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Peyton Falls, in Virginia

The Illustrated London News, vol. 45, no. 1291, p. 575.

December 10, 1864

PEYTON FALLS, IN VIRGINIA.

We have engraved on another page a sketch, by an amateur artist, of Peyton Falls, in the Alleghany [sic] Allegheny Mountains, Western Virginia. This romantic and beautiful cascade is on the Falling Spring, a brook tributary to Jackson's River. It is situated in the district or township which was once known as West Augusta, a place remarkable for the courage and patriotism of its inhabitants. This is the place to which Washington referred when he said, in the darkest days of the American Revolution, "Give me but a banner, and I will plant it upon the mountains of West Augusta, and rally around me the men who will raise our bleeding country from the dust and set her free!" Stonewall Jackson, the hero of the present unhappy civil war, as well as many officers of his immortal brigade, was a native of this district. It was near Peyton Falls, indeed, that one of the first battles of the civil war occurred--that of Rich Mountain, in which fell General R. S. Garnett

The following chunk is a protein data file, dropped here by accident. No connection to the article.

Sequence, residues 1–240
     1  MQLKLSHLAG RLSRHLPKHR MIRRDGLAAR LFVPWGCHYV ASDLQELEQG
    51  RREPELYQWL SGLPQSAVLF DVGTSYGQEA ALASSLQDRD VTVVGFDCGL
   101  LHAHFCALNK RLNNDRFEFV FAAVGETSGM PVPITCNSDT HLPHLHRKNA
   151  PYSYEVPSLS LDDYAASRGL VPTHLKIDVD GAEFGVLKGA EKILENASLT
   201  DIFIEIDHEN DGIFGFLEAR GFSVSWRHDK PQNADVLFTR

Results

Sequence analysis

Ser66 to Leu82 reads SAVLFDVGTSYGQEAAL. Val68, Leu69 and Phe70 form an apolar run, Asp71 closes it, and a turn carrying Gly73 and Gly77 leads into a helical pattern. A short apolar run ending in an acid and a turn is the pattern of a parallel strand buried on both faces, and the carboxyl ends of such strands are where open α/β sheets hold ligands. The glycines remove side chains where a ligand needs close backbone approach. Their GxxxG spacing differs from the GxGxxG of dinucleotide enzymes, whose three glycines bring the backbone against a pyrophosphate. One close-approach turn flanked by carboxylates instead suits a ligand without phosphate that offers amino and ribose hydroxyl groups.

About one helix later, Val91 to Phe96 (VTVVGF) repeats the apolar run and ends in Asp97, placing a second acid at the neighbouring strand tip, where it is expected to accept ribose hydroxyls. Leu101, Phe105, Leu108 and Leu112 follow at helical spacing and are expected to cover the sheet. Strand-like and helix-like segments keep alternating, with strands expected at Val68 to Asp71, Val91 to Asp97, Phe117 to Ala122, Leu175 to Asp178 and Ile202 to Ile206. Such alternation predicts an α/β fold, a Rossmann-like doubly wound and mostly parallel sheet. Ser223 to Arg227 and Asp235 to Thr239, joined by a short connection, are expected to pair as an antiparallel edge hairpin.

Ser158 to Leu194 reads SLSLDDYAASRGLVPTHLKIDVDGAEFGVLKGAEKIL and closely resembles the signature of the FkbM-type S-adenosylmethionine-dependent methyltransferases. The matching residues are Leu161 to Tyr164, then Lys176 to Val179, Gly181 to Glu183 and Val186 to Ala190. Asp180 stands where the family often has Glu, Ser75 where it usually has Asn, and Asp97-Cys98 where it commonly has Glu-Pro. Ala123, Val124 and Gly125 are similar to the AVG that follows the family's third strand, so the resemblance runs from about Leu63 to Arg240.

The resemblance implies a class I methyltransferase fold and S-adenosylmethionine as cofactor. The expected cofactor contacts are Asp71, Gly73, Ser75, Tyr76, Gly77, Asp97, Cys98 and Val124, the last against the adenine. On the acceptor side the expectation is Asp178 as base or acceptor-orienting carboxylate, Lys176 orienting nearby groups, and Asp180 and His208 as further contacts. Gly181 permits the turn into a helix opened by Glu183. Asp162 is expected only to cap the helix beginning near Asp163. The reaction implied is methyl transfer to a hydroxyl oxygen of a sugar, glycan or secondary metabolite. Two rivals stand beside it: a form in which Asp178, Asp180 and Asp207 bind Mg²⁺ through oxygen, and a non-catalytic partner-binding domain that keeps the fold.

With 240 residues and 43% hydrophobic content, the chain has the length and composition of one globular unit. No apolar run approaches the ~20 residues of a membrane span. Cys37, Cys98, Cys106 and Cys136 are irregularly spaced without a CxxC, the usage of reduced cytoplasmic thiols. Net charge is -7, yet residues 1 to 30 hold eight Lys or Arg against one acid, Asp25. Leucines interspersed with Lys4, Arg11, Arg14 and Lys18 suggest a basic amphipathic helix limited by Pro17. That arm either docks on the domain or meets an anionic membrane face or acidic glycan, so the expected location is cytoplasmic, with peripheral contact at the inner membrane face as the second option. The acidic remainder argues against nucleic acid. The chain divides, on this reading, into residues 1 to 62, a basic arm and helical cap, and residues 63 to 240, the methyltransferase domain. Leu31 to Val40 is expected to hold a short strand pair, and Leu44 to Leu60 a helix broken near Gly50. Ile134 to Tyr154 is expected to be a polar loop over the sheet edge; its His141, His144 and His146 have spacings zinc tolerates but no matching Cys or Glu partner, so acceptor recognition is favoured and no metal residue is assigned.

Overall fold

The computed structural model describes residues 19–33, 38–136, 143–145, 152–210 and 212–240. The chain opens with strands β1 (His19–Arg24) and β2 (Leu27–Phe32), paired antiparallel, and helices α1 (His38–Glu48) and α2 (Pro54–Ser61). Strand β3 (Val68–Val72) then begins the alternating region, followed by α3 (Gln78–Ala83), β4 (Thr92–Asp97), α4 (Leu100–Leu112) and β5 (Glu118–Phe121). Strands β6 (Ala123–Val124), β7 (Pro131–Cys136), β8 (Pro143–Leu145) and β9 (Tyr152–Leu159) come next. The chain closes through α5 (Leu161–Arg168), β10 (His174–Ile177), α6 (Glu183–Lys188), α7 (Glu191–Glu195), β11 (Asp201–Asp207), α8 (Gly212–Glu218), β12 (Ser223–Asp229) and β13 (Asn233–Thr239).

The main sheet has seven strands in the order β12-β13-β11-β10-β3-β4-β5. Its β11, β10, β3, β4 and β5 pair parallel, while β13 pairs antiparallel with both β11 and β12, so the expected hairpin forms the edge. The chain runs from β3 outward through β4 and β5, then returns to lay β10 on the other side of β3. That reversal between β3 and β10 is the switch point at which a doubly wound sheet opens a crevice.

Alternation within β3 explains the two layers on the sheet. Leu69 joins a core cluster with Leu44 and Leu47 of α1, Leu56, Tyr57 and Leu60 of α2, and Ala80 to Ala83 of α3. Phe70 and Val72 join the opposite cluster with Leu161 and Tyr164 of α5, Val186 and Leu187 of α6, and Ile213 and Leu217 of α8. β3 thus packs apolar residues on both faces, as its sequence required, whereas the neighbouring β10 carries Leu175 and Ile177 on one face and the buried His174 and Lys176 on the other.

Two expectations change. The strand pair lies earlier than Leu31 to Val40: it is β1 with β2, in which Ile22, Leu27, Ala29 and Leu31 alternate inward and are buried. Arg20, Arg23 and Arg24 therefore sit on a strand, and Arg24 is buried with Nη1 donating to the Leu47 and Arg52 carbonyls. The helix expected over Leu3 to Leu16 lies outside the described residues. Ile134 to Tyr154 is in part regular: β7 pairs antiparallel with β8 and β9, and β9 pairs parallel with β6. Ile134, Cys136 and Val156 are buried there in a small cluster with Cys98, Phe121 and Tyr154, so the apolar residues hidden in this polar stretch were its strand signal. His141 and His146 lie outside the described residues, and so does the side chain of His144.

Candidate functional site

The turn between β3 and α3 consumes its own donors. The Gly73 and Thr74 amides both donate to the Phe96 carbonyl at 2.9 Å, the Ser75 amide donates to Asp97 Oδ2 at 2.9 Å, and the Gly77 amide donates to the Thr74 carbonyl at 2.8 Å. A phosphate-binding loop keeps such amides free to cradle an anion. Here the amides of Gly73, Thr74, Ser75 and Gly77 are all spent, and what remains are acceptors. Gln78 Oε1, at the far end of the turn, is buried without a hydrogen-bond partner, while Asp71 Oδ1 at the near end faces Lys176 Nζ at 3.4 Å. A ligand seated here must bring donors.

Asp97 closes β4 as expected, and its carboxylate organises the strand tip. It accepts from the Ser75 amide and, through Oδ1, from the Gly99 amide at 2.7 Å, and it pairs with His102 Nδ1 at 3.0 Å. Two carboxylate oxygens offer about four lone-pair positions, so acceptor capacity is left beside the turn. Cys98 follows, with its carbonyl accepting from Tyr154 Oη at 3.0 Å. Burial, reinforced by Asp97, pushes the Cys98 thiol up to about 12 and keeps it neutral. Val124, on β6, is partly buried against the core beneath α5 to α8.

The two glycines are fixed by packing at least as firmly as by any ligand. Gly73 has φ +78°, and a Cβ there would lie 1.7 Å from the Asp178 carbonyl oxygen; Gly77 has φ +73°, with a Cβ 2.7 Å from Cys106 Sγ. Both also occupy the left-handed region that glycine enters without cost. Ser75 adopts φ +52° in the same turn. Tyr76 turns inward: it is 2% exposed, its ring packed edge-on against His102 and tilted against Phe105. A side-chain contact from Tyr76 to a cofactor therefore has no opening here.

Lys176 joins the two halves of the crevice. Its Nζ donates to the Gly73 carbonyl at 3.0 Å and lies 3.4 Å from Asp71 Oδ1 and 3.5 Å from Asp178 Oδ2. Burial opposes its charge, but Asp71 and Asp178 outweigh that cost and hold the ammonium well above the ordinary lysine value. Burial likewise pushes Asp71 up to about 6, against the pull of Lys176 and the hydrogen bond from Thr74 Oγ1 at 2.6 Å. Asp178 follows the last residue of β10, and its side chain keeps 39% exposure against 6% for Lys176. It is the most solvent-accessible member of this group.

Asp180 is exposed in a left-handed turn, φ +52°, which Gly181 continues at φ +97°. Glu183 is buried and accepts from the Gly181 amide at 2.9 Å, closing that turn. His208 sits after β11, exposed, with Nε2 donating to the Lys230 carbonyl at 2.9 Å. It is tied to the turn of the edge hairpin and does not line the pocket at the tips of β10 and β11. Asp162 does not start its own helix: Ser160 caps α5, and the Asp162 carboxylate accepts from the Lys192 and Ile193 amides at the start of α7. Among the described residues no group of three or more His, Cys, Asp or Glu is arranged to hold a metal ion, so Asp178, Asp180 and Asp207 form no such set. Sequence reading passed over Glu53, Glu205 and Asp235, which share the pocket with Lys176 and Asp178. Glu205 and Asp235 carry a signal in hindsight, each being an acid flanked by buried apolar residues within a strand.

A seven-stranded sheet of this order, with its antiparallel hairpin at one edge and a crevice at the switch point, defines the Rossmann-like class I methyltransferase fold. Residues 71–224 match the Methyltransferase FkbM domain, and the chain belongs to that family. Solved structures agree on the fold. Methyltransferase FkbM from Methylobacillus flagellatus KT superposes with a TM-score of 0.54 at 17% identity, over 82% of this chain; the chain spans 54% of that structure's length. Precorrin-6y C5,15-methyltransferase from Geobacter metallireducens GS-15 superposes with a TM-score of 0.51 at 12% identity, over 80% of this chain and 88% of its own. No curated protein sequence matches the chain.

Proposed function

Page 576

and Colonel John A. Washington. Peyton Falls is the highest cascade or waterfall in America, being 200 ft. in height, while that of Niagara is only 150 ft. The principal stream, however, is only about 10 yards wide at the top and a little more spread at the bottom of the fall. The water is bright and sparkling, and the stream in other parts is full of trout. Near the cascade there is a mineral spring of rare curative properties.

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